Taylor v. State

Citation51 S.W.3d 149
Parties(Mo.App. S.D. 2001) Larry Taylor, Appellant v. State of Missouri, Respondent. 23802 0
Decision Date10 May 2001
CourtCourt of Appeal of Missouri (US)

Appeal From: Circuit court of McDonald County, Hon. Timothy W. Perigo

Counsel for Appellant: Pro Se

Counsel for Respondent: No appearance

Opinion Summary: None

Prewitt and Garrison, J.J., concur.

Robert S. Barney, Chief Judge

Larry Taylor ("Appellant") appeals the dismissal of his petition for a writ of habeas corpus by the Circuit Court of McDonald County following a "motion to dismiss" filed by the State of Missouri ("Respondent").1 In its order the trial court observed that Appellant had neither verified his petition for the writ, nor asserted sufficient facts supporting his contention that he was being restrained of his liberty or that such restraint was illegal. Appellant's brief is virtually devoid of recitals of any facts whatsoever. In his sole point relied on, Appellant maintains that the trial court violated a litany of United States and State of Missouri constitutional guarantees by dismissing his petition for writ of habeas corpus.

Before reviewing Appellant's point of trial court error, we observe that "'[a]ny person restrained of liberty within this state may petition for a writ of habeas corpus to inquire into the cause of such restraint.'" State ex rel. Nixon v. Dierker, 22 S.W.3d 787, 789 (Mo.App. 2000)(quoting Rule 91.01, Missouri Court Rules 2000); see also section 532.010, RSMo 2000. proceedings under Rule 91 "are limited 'to determining the facial validity of confinement'" on the basis of the entire record of the proceeding in question.2 Brown v. Gammon, 947 S.W.2d 437, 440 (Mo.App. 1997) (quoting State ex rel. Haley v. Groose, 873 S.W.2d 221, 222 (Mo. banc 1994). "Habeas corpus is also available in cases where there are circumstances so rare and exceptional that a manifest injustice would result in the absence of habeas corpus relief." Id.; State ex rel. Hahn v. Stubblefield, 996 S.W.2d 103, 108 (Mo.App. 1999). We also note that "[a] writ of habeas corpus, while a writ of right, is not a writ of course and properly issues only upon a showing of probable cause." State v. Cerny, 286 S.W.2d 804, 806 (Mo. 1956). "The burden is on the petitioner to show that he is entitled to the writ and will be denied where the allegations are insufficient." State ex rel. White v. Swink, 256 S.W.2d 825, 832 (Mo.App. 1953). Indeed, Rule 91.04(a)(3) specifically "requires a petition for a writ of habeas corpus to include facts showing that the restraint is illegal or improper." McKown v. Mitchell, 869 S.W.2d 765, 767 (Mo.App. 1993).

In our review of Appellant's brief, we take cognizance of the fact that the brief violates several provisions of Rule 84.04. It fails to include a fair statement of the facts and an explanation in summary fashion, why, in the context of the case, Appellant's legal reasons support the claim of reversible error. See Rule 84.04(c); Rule 84.04(d)(A) and (C). A brief that does not comply with Rule 84.04 preserves nothing for appellate review. Libberton v. Phillips, 995 S.W.2d 66, 67 (Mo.App. 1999).3 Respondent has not filed a brief. While not prohibited, we do not approve of this practice. See Sherrod v. Director of Revenue, 937 S.W.2d 751, 752 (Mo.App. 1997).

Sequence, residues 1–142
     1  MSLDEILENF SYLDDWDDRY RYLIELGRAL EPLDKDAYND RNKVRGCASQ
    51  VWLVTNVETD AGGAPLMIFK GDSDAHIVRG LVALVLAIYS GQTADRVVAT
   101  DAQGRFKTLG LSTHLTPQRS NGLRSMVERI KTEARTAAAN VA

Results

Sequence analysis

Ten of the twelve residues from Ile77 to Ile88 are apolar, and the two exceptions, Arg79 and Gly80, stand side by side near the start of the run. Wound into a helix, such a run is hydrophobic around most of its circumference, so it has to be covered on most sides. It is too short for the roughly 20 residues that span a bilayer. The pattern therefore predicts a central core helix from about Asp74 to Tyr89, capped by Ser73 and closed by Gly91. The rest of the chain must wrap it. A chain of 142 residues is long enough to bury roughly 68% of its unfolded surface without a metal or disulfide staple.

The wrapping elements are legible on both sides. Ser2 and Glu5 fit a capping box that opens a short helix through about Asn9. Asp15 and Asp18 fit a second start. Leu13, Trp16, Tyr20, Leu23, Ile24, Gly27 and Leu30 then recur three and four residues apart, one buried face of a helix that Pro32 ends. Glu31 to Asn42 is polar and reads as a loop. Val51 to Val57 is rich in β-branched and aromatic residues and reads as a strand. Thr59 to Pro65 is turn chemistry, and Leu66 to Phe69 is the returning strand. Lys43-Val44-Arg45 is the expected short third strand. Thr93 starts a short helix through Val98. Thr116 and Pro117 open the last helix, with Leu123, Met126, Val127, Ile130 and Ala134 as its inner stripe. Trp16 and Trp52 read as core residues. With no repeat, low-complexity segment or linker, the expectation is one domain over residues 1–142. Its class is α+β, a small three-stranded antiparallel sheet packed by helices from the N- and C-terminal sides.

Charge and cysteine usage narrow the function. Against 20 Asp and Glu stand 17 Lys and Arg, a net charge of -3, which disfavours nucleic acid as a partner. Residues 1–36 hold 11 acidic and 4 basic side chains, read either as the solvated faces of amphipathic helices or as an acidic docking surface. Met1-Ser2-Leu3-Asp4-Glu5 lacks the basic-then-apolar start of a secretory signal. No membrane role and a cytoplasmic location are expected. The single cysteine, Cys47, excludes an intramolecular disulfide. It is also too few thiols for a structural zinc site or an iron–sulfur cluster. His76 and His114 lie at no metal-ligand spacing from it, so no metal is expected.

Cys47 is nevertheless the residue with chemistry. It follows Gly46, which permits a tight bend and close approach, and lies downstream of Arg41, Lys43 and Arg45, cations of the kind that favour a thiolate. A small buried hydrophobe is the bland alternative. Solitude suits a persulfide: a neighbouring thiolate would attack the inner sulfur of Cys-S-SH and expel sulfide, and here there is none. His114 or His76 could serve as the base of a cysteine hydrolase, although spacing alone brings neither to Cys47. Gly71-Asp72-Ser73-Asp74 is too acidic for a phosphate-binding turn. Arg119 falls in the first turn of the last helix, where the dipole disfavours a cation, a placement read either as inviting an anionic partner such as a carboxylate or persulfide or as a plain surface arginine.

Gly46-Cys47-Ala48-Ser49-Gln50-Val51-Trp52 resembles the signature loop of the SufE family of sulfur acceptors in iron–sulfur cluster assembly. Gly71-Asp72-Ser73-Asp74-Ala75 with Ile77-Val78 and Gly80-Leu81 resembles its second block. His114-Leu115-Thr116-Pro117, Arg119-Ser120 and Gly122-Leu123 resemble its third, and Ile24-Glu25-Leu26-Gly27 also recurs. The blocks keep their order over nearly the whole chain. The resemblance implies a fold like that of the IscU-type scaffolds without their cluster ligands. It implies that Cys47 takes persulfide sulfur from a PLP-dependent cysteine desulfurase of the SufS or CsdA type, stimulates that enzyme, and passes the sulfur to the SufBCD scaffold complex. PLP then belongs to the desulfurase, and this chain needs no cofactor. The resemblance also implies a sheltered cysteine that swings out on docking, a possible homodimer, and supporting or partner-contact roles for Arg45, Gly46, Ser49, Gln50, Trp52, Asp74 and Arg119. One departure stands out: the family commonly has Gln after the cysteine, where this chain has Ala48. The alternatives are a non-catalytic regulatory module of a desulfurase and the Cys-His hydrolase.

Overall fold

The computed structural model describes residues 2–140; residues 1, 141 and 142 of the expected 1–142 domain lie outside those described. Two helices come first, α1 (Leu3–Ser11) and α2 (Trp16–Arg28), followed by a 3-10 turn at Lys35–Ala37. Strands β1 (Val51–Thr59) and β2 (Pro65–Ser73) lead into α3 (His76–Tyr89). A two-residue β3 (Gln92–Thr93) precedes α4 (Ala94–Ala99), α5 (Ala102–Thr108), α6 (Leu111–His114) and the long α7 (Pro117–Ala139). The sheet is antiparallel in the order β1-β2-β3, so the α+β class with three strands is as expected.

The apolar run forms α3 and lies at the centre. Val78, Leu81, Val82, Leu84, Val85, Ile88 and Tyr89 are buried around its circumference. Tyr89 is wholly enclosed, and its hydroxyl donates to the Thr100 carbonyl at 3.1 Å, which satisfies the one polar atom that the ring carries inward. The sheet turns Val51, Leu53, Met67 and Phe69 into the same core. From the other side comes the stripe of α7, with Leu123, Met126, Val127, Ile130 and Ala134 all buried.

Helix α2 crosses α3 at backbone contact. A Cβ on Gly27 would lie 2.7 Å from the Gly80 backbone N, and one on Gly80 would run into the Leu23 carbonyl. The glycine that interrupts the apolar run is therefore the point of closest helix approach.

As best we can discern from our gratuitous review of the very sparse record, including Respondent's "motion to dismiss" which we denominate as an answer under Rule 91.09, we interpolate that Appellant is currently on some form of supervised parole and that a "Ms. Manire," of the probation and parole office in McDonald county, is his parole supervisor. In his writ, without a shred of explanation, Appellant seeks his release from what he terms an "unconstitutional supervision of the Missouri Department of Corrections."

We need not dismiss Appellant's appeal on the basis of the recited procedural maladies. Based on the factual context of this case, we are unable to review the trial court's decision in this habeas corpus proceeding. See Hutchinson v. Wesley, 455 S.W.2d 21, 23 (Mo. App. 1970). "No appeal lies from a decision in a writ of habeas corpus proceeding." Cheek v. State, 776 S.W.2d 66, 68 (Mo.App. 1989); Miller v. State, 615 S.W.2d 98 (Mo.App. 1981); see also Woodrome v. State, 788 S.W.2d 544, 546 (Mo.App. 1990); State ex rel. Nixon v. Clark, 926 S.W.2d 22, 23 (Mo.App. 1996). "Certiorari is the proper remedy for appellate review." Nixon, 926 S.W.2d at 23.

Appellant's appeal is dismissed.

1. In his petition, Appellant "move[d] the state to release [Appellant] from existing unconstitutional supervision of the Missouri Department of Corrections, or in the alternative, to produce statutory authority for [Appellant's] restraint of liberties in the above style [sic] cause . . . ." The petition recited that Appellant had been originally charged in McDonald county with "manufacturing marijuana by harvesting in Oct., 1984, a violation of Section 195.020, RSMo 1983." In answering, Respondent through the prosecuting attorney of McDonald county filed a "motion to dismiss" the petition for a writ of habeas corpus setting out that Appellant lacked standing to bring such an action because he was "not committed, detained, confined or otherwise restrained of his liberty." The "motion...

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1 cases
  • State v. Adams, 24454.
    • United States
    • Court of Appeal of Missouri (US)
    • January 29, 2002
    ...Reynolds v. State, 939 S.W.2d 451-455 (Mo.App. W.D.1996). 3. An appeal does not lie in a habeas corpus proceeding. Taylor v. State, 51 S.W.3d 149, 152 (Mo.App. S.D.2001). ...

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